With Trump's swearing-in, Israel pushes ahead on settlements

JERUSALEM (AP) -- Israel announced plans Tuesday to build 2,500 more settler homes on the West Bank, moving to step up construction just days after the swearing-in of Donald Trump brought to power a U.S. administration seen as friendly to the settlement movement.

 "We are building -- and we will continue to build," Israeli Prime Minister Benjamin Netanyahu wrote in a Facebook post.

White House spokesman Sean Spicer did not answer directly when asked about Trump's reaction.

"Israel continues to be a huge ally of the United States," Spicer said. "He wants to grow closer with Israel to make sure that it gets the full respect that it deserves in the Middle East."

While Trump has signaled that he will be far more tolerant of Israeli settlement construction than his predecessors, he also has expressed a desire to broker a peace accord between Israel and the Palestinians, and siding closely with Israel on such a contentious matter could hurt U.S. credibility.

Netanyahu repeatedly clashed with President Barack Obama over settlement construction.

Obama, like the rest of the international community, considered the building of settlements on occupied lands claimed by the Palestinians to be an obstacle to peace. Those tensions boiled over last month when the Obama White House allowed the U.N. Security Council to pass a resolution condemning the settlements as illegal.

Trump harshly criticized Obama for going against Israel and promised a new approach after taking office, raising hopes inside Israel's nationalist government for a new era in relations.

Trump has already invited Netanyahu to visit the White House next month, and both men, after speaking on the phone Sunday, promised close coordination on a range of sensitive matters.

Netanyahu's office would not say whether he had consulted with the White House before Tuesday's announcement, but just a day earlier, the prime minister told a meeting of his Likud Party that there should be no surprises for the new president.

The construction plans were announced by Defense Minister Avigdor Lieberman, who said in a statement that he and Netanyahu agreed on the approval "in response to housing needs."

He said most of the housing units will be built in settlement "blocs," densely populated areas where most settlers already live and which Israel wants to keep under its control under any future peace deal with the Palestinians. Some 100 homes were slated for two smaller settlements.

The approvals were for early stages of home development, meaning construction is not expected to begin anytime soon.

"This decision destroys the two-state solution," said Saeb Erekat, a senior Palestinian official in the West Bank. "We call on the international community to hold Israel accountable immediately." He said the Israeli government had been encouraged by what it heard from Trump.

The Palestinians want the West Bank and east Jerusalem -- areas captured by Israel in the 1967 Mideast war -- for their hoped-for state, a position that has wide international backing.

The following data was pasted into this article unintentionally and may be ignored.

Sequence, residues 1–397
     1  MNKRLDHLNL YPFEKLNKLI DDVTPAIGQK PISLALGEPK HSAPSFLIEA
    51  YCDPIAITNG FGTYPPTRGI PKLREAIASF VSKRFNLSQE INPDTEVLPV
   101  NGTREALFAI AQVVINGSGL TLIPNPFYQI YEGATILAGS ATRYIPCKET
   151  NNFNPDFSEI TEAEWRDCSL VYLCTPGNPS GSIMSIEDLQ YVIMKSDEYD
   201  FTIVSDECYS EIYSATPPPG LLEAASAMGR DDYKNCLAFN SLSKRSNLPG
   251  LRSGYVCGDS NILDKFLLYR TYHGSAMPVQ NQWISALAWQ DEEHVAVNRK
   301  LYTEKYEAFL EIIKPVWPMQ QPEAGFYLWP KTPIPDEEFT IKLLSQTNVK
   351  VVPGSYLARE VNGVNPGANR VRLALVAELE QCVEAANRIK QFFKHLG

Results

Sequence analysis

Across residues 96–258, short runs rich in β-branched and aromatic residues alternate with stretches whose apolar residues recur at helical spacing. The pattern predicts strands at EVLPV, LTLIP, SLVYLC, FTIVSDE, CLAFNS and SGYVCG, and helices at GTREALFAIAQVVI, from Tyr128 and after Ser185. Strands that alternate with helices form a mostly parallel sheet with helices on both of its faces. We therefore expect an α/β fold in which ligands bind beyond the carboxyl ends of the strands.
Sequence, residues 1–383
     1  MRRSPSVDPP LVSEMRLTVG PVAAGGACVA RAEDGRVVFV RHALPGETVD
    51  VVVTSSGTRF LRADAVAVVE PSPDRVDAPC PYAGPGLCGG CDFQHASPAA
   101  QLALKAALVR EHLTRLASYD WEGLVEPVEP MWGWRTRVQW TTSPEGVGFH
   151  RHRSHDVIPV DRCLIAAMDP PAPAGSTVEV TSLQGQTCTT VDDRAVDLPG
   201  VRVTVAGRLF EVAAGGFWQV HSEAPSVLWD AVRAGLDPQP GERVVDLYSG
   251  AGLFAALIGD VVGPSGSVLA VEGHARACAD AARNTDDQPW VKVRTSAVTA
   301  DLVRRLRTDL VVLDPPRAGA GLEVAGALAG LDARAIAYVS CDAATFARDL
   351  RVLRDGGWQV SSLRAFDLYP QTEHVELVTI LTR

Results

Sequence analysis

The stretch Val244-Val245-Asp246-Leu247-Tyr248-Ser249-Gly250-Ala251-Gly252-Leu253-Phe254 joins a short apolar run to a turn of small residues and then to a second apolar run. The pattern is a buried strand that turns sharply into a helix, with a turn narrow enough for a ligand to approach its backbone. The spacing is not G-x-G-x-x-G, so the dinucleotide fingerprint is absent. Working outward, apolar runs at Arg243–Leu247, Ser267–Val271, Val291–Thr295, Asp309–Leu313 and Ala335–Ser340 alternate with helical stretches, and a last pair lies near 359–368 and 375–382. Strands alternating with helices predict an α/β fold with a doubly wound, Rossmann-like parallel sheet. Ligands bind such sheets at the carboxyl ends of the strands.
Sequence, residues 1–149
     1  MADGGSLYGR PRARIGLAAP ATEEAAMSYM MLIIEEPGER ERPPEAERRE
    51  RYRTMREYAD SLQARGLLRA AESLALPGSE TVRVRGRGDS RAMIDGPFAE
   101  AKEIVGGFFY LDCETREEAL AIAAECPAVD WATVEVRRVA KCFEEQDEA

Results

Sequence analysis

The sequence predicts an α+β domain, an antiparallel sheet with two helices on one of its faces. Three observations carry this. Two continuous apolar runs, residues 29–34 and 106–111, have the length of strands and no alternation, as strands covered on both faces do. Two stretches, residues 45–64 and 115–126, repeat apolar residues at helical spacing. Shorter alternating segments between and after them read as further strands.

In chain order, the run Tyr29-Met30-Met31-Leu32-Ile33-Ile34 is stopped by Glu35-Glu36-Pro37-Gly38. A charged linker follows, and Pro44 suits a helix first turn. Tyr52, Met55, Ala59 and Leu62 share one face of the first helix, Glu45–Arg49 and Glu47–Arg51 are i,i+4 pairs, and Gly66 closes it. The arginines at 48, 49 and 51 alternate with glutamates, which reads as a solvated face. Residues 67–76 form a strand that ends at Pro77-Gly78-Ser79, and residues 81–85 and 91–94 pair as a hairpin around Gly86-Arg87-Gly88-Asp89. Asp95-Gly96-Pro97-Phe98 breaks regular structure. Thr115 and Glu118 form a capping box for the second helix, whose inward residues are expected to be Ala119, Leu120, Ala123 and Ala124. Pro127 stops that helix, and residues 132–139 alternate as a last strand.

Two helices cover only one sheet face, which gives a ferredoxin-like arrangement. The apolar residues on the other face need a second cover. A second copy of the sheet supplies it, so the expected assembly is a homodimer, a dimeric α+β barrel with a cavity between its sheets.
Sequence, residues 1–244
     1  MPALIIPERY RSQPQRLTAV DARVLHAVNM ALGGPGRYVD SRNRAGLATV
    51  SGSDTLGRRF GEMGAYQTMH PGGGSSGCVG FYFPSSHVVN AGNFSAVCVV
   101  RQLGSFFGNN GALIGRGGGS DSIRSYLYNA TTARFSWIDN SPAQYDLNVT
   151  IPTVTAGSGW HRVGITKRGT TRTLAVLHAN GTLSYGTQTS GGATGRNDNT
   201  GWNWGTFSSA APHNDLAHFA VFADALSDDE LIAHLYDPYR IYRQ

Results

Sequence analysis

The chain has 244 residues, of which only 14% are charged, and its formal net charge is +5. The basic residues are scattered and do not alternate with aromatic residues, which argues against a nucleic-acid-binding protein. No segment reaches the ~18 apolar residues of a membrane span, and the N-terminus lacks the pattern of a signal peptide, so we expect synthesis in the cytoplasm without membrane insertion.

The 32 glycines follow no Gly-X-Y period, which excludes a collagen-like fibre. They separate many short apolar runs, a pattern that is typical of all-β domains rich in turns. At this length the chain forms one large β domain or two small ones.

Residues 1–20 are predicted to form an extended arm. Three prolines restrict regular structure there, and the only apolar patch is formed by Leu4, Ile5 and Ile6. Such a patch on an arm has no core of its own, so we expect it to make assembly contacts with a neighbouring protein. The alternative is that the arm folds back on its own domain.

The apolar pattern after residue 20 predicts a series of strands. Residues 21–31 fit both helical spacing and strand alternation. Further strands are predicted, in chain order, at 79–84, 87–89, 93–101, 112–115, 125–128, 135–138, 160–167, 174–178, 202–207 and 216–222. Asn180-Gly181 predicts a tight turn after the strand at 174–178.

Trump has signaled a softer approach to the settlements. Earlier this week, he did not react to an Israeli announcement to build over 560 new homes in east Jerusalem.

Both his designated ambassador to Israel, David Friedman, and his son-in-law, Jared Kushner, now a top aide and Mideast envoy, have deep ties to the settler movement. Friedman and Kushner's family foundation have both been generous contributors to Beit El, one of the settlements mentioned in Tuesday's announcement. A delegation of settler representatives was invited to Trump's inauguration last week.

Oded Revivi, the chief foreign envoy of the Yesha settlers' council, said he hopes Tuesday's announcement "is just the beginning of a wave of new building." Revivi led the delegation to the inauguration, the first time the movement has received such an invitation.

Trump's ties to the settler movement are just one reason Israel's nationalist right is encouraged by the new administration.

His campaign platform made no mention of a Palestinian state, a cornerstone of two decades of international diplomacy in the region. Trump also has promised to move the U.S. Embassy in Israel from Tel Aviv to Jerusalem, a move long favored by Israel but vehemently opposed by the Palestinians.

Since Trump took over, Netanyahu has been under heavy pressure from the pro-settler Jewish Home Party to move ahead on an explosive bill that would annex Maaleh Adumim, a major settlement near Jerusalem. A vote on the legislation, which threatens to unleash fresh violence and draw international condemnation, was put on hold this week, apparently so Netanyahu could coordinate his policy with the new U.S. administration.

Despite the positive signs for Netanyahu, Trump remains something of a wild card. Since taking office, for instance, he has appeared to backpedal from his promise to move the embassy.

The Palestinians have warned that moving the embassy would amount to American recognition of Israeli control over east Jerusalem, home to sensitive Jewish, Christian and Muslim holy sites.

They say this could trigger religious violence, and they have threatened to cancel their diplomatic recognition of Israel, the basis for past interim peace accords.

Neighboring Jordan, which holds custodial rights over Muslim holy sites in Jerusalem, has said that moving the embassy would cross a "red line." Jordan is a key American and Israeli ally in the battle against Islamic militants.

On Tuesday, the Hamas rulers of the Gaza Strip warned the U.S. not to move the embassy, saying it could "open a new chapter of conflict" and "add fuel to the fire."

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   Associated Press writers Fares Akram in Gaza City, Gaza Strip, and Mohammed Daraghmeh in Ramallah, West Bank, contributed to this report.

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